They wove through the aspens until they broke out into the open meadow and raced across the tall thick grass, the sun fierce on Cole's back. He didn't slow them down until he saw a pair of veteran hands working along the fenceline, and he waved for them to return to the ranch so they could enjoy the barbecue. The crazy old fools would work till sundown if he didn't stop them. That's what made the situation so damn hard. Everyone from Chester, the bunkhouse cook, to the last hired wrangler took pride in the sundance as if it were his own. If it came down to layoffs
Cole could barely think in that direction. There would be no choice at that point. He'd have to auction off some of the land. Hell, what was he thinking? There'd be no auction. Wallace Gunderson would be the first one muddying up the McAllister porch, pen and checkbook in hand. Not only was he the sole person with that kind of money around here, but the old man had lusted after the hilly creek-fed McAllister spread for as long as Cole could remember.
Even when Cole's father was alive, Gunderson had put a sizeable offer on the table for the north pasture that butted up to his land. That was one of two times Cole had seen his father lose his temper. He'd nearly thrown the man and his son out of the McAllister kitchen. Of course, it was no secret to anyone who lived within a hundred miles that the McAllisters and the Gundersons hadn't gotten along for over four generations. Cole wasn't sure if anyone recalled what had started the feud. Didn't matter. If and when the time came to sell, he'd sooner rob a bank than deed so much as a square inch to Wallace. Cole's dislike for the man had nothing to do with the family history. He simply couldn't abide the bastard's mistreatment of his animals.
The bunkhouse and barn came into view, made hazy by the plumes of gray smoke drifting up from the rows of barbecue pits. Chester had started early this morning, baking corn bread and preparing the chicken and ribs for this evening's bash. As Cole rode toward the stables, he saw the groups of picnic tables set up closer to the main house. A couple had been placed near the bunkhouse kitchen. White lights had been strung up around the pine trees and along the corral fence, and a rainbow of balloons bobbed from the posts.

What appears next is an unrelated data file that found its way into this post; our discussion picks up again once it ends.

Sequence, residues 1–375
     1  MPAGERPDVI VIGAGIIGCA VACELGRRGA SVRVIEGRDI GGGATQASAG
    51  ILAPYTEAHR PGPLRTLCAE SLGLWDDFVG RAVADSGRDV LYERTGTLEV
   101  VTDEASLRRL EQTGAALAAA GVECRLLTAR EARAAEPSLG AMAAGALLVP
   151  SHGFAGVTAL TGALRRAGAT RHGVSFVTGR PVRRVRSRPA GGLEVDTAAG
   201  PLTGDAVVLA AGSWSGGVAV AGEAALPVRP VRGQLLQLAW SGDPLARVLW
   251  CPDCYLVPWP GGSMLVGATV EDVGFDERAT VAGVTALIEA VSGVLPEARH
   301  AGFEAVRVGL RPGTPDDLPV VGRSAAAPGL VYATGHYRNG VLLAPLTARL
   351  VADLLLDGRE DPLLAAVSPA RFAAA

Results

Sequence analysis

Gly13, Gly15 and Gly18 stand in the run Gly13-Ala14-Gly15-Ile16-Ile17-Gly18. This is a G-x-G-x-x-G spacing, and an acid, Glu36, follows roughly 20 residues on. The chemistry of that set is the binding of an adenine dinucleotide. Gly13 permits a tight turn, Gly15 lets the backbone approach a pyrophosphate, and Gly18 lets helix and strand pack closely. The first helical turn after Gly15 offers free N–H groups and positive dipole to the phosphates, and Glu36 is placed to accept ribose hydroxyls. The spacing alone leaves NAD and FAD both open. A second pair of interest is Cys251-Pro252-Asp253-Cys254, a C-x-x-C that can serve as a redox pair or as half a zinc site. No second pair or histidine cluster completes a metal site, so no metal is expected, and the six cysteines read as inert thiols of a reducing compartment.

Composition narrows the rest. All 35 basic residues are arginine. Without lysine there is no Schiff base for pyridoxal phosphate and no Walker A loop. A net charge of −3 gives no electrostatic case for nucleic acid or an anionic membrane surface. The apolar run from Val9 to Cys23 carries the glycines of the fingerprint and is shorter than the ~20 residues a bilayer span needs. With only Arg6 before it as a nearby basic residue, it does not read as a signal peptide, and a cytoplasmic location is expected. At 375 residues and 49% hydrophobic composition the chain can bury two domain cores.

He didn't see his brother's Jeep so Cole knew Jesse hadn't returned from the airport with Rachel yet. Some of the neighbors were already here. He recognized the two black-and-red trucks parked along the gravel driveway, and noticed that the Richardson brood and Ida and Henry Pickens were climbing out of their pickups on the other side of the barn. He didn't know how many people his mother had invited, over fifty he'd reckon. And that wasn't counting the handsmost of them had been as much a part of Rachel's life as Cole and his brothers.
If Cole hadn't stepped in, there would have been a much larger crowd. The shocked expression on his mother's face when he'd given her a budget remained vivid in his mind. What had stung even more was the sad, resigned nod that told him she suspected they were in trouble. Still, she hadn't asked for details, hadn't given him so much as a glance of disapproval or a hint of disappointment. Being the gracious lady she'd always been, she'd simply smiled and said how happy she would be to have Rachel home again, and that was all that mattered.
His sister would be a whole different story. She'd take one look at the barn that needed painting, the corral fence that should've been replaced by now and all the other areas he'd been forced to ignore, and she'd have questions, demand answers. He wouldn't blame her one bit. Didn't mean he'd welcome the inquisition.